Superstorm Sandy, one of the most destructive storms in US history, struck the coast of New Jersey on October 29, 2012. Sandy inflicted more damage than any storm in the state’s recorded history.
The Barnegat Peninsula, which separates the Atlantic Ocean from Barnegat Bay in Ocean County and consists of 9 municipalities, was especially hard hit. In Mantoloking Borough, the storm surge cut through the peninsula, causing three significant breaches of New Jersey Route 35, the peninsula’s principal highway.
The worst damage occurred at the intersection of Route 35 and County Road 528 (Herbert Street) where approximately 500 feet (152 meters) of Route 35 and 550 feet (168 meters) of Herbert Street were completely washed away, along with critical lifeline utilities, including gas, water, power, and telecommunications. The damage to private property, including homes, automobiles, and boats was extensive.
A second breach just north of the main breach destroyed approximately 200 feet of Route 35. A third breach, 0.75 miles (1.2 kilometers) north of Herbert Street at the intersection of Route 35 and Lyman Street, washed away 100 feet (30 meters) of Route 35 as well as 300 feet (91 meters) of Lyman Street from Route 35 to Barnegat Bay. In addition, hundreds of sinkholes and washouts were created along the state highway system and local roads throughout the peninsula.
The severe and widespread damage required tremendous engineering and construction resources. The project was complicated by the need to coordinate this large construction workforce within a relatively small area with limited access points and strict security requirements. Adding to the difficulties of the reconstruction effort was the presence of other agencies involved in separate reconstruction efforts including the US Army Corps of Engineers (beach restoration), utility companies (replacement of damaged facilities), etc.
The New Jersey Department of Transportation (NJDOT) initiated an emergency response operation focused on reconnecting the state highway while reestablishing lifeline utilities. The project had two primary goals:
- Reestablish access along the length of Route 35 to allow emergency services and construction equipment to access all areas of the peninsula. This was accomplished within a few days after the storm by means of temporary bypass roads at the three breach areas.
- Reconstruct the storm damaged areas of Route 35, including more than 80 sinkholes in over 9 miles of highway by December 15, 2012; and complete the remainder of the work (reconstruction of Herbert Street) by December 24, 2012.
Shortly after the storm, Mott MacDonald was on-site and working with NJDOT personnel to develop a plan of action for the repairs. Our personnel spread out to assess the damage and develop repair plans for the two northernmost breaches along with the numerous sinkholes along the rest of Route 35, which stretched from Seaside Heights north to Point Pleasant Beach.
After temporary construction access was constructed around the major breach areas, all utilities and roadwork within the damaged Route 35 Right of Way were reconstructed. Geotextile-reinforced soil fill was used to replace the washed-out roadway at the two northern breaches. The temporary stone access roads at these breaches, constructed on the ocean side of Route 35, were left in place to protect the roadway embankments from future storm damage. Readily available material, including riprap and steel sheet piling, was used to reduce lead times and accelerate construction for the various repairs.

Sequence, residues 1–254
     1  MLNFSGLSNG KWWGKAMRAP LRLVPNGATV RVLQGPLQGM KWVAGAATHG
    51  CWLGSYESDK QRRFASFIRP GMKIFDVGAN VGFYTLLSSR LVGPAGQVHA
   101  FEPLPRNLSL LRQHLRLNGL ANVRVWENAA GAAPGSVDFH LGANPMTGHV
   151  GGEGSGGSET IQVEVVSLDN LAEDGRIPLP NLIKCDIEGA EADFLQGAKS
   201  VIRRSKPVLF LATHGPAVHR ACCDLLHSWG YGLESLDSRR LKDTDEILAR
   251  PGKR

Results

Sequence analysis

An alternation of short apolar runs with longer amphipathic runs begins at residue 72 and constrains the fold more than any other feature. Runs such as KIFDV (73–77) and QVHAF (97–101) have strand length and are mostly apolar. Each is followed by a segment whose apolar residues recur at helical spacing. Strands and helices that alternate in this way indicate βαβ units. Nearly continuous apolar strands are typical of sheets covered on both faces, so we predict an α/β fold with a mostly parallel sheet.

Elsewhere on the peninsula, sinkhole repairs included clearing debris, removing undermined pavement, placing stone and aggregate to reestablish a proper pavement subbase, reconstructing the pavement box and adjacent curbs, and replacing highway storm drainage facilities and utilities along Route 35.
Our personnel remained on-site for the duration of the project to provide engineering support and construction inspection. We led daily meetings between the NJDOT, the three main contractors on the site, utility companies, law enforcement and local officials to coordinate the reconstruction efforts, provide outreach to the various groups at the site, and coordinate access for resident re-entry into the damaged areas.
The rapid and efficient reconstruction of Route 35 helped facilitate the reentry of local residents back to their homes to assess storm damage, ensure that residents had access to food, clean water, and medical attention and restart local businesses activity during this critical period.
Through a coordinated effort between NJDOT, Mott MacDonald, other consultants, several contractors, local municipalities and utility companies, Route 35 was ready to be reopened just 7 weeks after the storm, on December 14, 2012. Reconstruction of Herbert Street was finished one week later, with the emergency reconstruction being substantially completed on December 21, 2012.
NJDOT also requested that Mott MacDonald provide similar assistance for damage caused by Superstorm Sandy to NJ Route 36 in Sea Bright in Monmouth County.
In a letter, NJDOT’s Assistant Commissioner of Operations wrote, “I want to take this opportunity to let you know how much I appreciate all of the hard work and time your company has invested in the clean up and repair activities associated with Hurricane Sandy.” He continued, “The work done by the people involved in this operation has earned the department accolades from the counties, municipalities and even the news media.”
Distinguished Engineering Award, New Jersey Alliance for Action, May 2013